When to Eat, How to Manage Stress, and
Other Recipes We Learned at the First
Virtual In goop Health Summit
In partnership with our friends at Ketel One Botanical, New Chapter, and PUMA
There were some clear learnings—on topics including exercise, cocktails, and houseplants—from our three-week In goop Health program. But we’ll get to those in a minute.
When we set out to take our summit online, we didn’t know if we could re-create the magic of the community that formed at our previous eight in-person adventures. And we didn’t know it could be so fun doing it sitting behind a computer screen. The In goop Health Slack group got chatty. And deep. (Thanks, GP.) We loved seeing what different people learned from the classes, what moved them, what made them rethink an old habit, and their surprise after trying out a new skill or recipe. (Thank you to everyone who joined us, from every time zone.)
If you weren’t able to make it, we hope you can next time. Stay tuned for an announcement on what’s coming in 2021. And in the meantime, if you’re curious about what went down, we’re sharing six tips and takeaways. Plus, some related tools that can help augment the work or bring joy to it.
FOLLOW THE SUN
When it comes to food, Ayurvedic practitioner Avanti Kumar-Singh, MD, says that although what we eat matters, why, when, where, and how much matter more. According to the principles of Ayurveda, our eating schedule should follow the path of the sun, because it’s believed that our digestion is most effective when the sun is at the highest point in the sky. So, Kumar-Singh says, we want to eat our largest and most difficult-to-digest meal midday and eat smaller, lighter meals in the morning and evening. She suggests eating breakfast between 6 a.m. and 8 a.m., lunch between 10 a.m. and 2 p.m., and dinner before 7 p.m.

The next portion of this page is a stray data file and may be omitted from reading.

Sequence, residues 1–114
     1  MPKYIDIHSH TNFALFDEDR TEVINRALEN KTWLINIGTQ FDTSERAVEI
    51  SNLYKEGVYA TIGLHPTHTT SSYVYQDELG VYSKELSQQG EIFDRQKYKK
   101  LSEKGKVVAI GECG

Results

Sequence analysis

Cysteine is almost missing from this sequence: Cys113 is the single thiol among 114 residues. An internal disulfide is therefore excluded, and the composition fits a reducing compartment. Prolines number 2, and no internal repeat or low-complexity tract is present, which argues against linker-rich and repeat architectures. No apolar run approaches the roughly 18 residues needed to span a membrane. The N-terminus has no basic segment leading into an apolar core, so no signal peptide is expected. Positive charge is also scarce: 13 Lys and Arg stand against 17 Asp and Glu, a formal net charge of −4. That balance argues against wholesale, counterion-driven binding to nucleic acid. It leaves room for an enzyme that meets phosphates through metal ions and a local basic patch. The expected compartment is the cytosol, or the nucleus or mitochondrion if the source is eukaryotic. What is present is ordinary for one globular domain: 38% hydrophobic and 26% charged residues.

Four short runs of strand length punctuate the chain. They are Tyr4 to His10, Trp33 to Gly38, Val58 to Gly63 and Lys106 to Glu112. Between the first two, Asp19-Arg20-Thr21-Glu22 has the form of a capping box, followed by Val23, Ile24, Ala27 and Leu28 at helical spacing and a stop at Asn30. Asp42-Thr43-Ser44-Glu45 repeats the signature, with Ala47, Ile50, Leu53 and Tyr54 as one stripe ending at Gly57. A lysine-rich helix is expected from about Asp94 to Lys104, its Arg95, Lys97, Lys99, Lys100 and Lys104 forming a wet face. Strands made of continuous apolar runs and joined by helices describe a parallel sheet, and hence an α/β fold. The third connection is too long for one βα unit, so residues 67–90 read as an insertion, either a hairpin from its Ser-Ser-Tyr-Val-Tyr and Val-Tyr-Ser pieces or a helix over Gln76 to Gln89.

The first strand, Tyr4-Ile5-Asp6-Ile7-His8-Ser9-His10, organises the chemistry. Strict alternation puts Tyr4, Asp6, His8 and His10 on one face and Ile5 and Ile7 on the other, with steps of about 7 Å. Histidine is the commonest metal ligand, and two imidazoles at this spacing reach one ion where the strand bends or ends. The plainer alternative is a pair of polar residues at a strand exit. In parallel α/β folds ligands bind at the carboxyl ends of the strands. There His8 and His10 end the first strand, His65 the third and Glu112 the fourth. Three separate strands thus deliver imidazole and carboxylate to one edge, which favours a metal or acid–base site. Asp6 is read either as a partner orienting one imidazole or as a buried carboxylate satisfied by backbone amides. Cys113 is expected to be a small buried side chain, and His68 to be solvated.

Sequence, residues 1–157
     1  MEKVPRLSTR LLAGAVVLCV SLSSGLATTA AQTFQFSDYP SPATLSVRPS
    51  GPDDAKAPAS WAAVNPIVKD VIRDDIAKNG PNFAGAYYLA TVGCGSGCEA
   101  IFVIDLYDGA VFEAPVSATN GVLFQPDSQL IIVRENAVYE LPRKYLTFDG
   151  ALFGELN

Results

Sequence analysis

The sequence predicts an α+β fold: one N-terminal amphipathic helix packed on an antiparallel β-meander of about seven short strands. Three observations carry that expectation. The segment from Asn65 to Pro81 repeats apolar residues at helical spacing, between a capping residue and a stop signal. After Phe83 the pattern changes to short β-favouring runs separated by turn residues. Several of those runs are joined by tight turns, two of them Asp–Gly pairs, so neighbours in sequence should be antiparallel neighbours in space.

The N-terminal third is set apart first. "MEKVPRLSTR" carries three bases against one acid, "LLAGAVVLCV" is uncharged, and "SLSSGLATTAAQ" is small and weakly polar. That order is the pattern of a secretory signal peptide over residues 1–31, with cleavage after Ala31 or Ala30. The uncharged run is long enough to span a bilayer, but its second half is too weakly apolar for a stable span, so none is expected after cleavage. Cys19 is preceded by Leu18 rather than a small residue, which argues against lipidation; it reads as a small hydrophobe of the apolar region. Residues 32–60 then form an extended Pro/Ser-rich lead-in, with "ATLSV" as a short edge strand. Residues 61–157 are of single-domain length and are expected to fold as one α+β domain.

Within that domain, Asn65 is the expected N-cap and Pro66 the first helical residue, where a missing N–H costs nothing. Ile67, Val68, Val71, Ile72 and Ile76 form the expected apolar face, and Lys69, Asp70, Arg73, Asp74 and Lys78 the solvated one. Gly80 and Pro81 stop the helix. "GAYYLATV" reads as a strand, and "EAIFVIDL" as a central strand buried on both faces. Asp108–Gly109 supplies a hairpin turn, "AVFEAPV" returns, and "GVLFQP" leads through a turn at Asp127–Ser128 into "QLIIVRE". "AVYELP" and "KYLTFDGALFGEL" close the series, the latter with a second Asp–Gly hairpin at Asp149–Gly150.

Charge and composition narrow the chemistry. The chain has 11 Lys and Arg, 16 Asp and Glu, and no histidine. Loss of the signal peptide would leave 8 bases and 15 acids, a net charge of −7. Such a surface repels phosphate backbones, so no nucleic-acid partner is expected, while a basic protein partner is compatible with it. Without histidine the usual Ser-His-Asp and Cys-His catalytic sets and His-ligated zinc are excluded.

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Body alignment specialist Lauren Roxburgh was one of the first people to turn our attention to the sensory organ fascia, the connective tissue that lives right underneath the skin and above the muscle. (Roxburgh believes it to be a place where we hold a lot of emotional energy.) She shared simple movements to help nourish this part of the body, as well as to help sculpt it. Our partners at New Chapter brought home the restorative section of the routine (below, see Zyflamend.) To experience Roxburgh’s fascia work for yourself, check out some of our favorite routines she’s put together for us over the years: foam rolling for better sex, family-friendly yoga, and three tools for deep self-massage
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SKETCH AWAY STRESS
Creating art is a great mindfulness practice, but people are often hesitant to try it because they don’t feel up to snuff creatively. Through simple exercises, Meera Lee Patel showed us how attainable it is. For example, she had us do an exercise where we drew our own self-care box, and then inside that box, we sketched doodles (in the Moleskine that came with the In goop Health kit) of things that bring us joy, strength, and hope. People very quickly forgot how pretty (or not) their drawings looked, because they were lost in the sensation of putting pen to paper and deep in reflection on the things that make them feel the most encouraged and supported. Patel’s new book, Create Your Own Calm, is filled with exercises like this, and she gave us a sneak peek, if you’d like to check it out.